Coming soon: Audi A3 and Skoda Octavia
Don't buy a new car until you've read this – our ultimate guide to the new models coming in 2020 and beyond...
Small and family hatchbacks
On sale Summer
Just like David Attenborough and Zlatan Ibrahimovic, the Audi A3 hasn’t lost any of its brilliance over the years and continues to outshine much younger contemporaries, in its case including the latest BMW 1 Series.
Still, everyone must retire one day, and we can expect even greater achievements from the fourth-generation A3, with Audi claiming that it will set new class benchmarks for quietness, ride comfort and technology. Its looks are said to take inspiration from the Lamborghini Countach (no, we can't see it either, if we're honest), while a lighter yet stiffer body promises efficiency gains and sharper handling.
On the subject of efficiency, the new A3’s 128bhp and 148bhp 1.5-litre and 187bhp 2.0-litre turbocharged petrol engines use a 48-volt mild hybrid system, while even the 2.0-litre diesels (which go from 134bhp to 201bhp) get a 12-volt setup that cuts CO2 emissions by about 10% – all good news for company car drivers. Also expected to be offered are 1.0-litre turbo petrol and petrol-electric plug-in hybrid variants. There won’t be an emissions-free A3, though, because Audi is developing a bespoke electric family hatchback to launch in 2021.
As for the interior, you still get plush materials and first-class build quality throughout, but there's now a large touchscreen infotainment system – sadly, given how great the outgoing dial-controlled setup is – along with the option of Audi’s configurable digital instrument panel. Internet-based features such as live traffic data and semi-autonomous driving capabilities are enabled by a 5G data connection; indeed, the new A3 is permanently online.
The five-door hatchback and A3 Saloon will be first to arrive, while the three-door is set to be axed. So, too, is the A3 Cabriolet. Taking their places at the table in 2021 will be an SUV-styled, four-wheel-drive hatchback called the A3 Allroad and a five-door coupé that will challenge the Mercedes-Benz CLA.
The hot hatchbacks are safe, though. The S3 is due to get an uprated version of the current 2.0-litre turbo engine with around 325bhp, while the range-topping RS3 will run either a development of today’s 2.5-litre five-cylinder turbo or a more potent mild hybrid version of the 2.0-litre unit.
On sale Summer
Skoda calls the Octavia its ‘heart and engine’, which is easy to understand wonder when you learn that more than six million examples of the family hatchback have been sold since its introduction 23 years ago. One of the biggest reasons for this popularity is because it offers a space-to-cost ratio far greater than rivals such as the Ford Focus, Kia Ceed and Volkswagen Golf can manage.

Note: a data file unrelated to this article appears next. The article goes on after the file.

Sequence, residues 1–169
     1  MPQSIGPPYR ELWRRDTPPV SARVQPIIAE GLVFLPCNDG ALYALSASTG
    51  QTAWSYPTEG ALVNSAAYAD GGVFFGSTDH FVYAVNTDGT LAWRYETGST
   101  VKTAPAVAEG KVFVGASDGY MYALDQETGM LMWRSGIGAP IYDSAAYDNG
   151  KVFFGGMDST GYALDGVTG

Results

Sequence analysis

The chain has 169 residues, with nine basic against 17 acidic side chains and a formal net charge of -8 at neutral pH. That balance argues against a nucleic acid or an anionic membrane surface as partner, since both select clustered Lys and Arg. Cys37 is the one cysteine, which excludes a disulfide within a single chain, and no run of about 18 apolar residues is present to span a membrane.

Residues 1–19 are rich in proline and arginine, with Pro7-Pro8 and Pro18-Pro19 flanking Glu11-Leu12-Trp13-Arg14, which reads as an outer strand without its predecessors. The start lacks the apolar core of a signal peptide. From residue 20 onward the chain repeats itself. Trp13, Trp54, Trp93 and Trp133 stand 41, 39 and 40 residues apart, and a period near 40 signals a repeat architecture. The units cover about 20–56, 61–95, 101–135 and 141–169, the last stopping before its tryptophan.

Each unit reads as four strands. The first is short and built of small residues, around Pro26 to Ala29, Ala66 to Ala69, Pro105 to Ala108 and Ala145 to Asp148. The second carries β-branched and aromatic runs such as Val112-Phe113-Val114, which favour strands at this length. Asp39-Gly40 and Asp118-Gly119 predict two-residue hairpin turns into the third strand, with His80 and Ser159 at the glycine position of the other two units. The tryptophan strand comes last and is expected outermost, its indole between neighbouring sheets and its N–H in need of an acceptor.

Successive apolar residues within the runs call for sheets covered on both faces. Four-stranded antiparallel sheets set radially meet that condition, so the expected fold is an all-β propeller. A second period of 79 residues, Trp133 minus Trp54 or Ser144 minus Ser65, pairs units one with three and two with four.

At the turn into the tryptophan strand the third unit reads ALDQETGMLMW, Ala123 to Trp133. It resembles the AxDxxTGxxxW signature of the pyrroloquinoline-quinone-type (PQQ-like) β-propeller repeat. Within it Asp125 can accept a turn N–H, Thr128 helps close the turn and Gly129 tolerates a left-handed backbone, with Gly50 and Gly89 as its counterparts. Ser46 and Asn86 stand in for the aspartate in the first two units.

Even so, the new, Mk4 Octavia is even longer and wider, giving it more room for passengers plus an extra 10 litres of boot space (enough for another bag) in the hatchback and 30 litres in the estate.
Bigger news, however, is the introduction of a plug-in hybrid that uses the same 1.4-litre petrol engine and electric motor as the five-star Volkswagen Passat GTE. This variant should make the new Octavia even more attractive to company car drivers, because its electric-only range of 34 miles will allow it to take advantage of the reduced BIK tax rates that came into force on 6 April.
Skoda has substantially changed the Octavia’s interior design, equipping the new model with a central touchscreen measuring 8.3in or 10.0in (depending on trim level) that’s claimed to have more intuitive software and deals with not only infotainment and sat-nav, as before, but also climate control. That’s not great when physical buttons and dials are less distracting, but thankfully you can also use gestures (as pioneered by BMW with its iDrive system) or talk to Skoda’s new virtual assistant, who’s called Laura.
Powering the car are updated versions of today’s turbocharged petrol and diesel engines, with the most notable development being a 48-volt mild hybrid addition to petrol models fitted with an automatic gearbox. This system recovers energy usually lost during braking, sends it to a little battery and then redeploys it to assist the engine under acceleration, therefore cutting down on fuel consumption.
Specs are yet to be finalised, but fans of the ice scraper (cum tyre tread gauge cum magnifying glass) that lives in the fuel filler cap won’t be let down.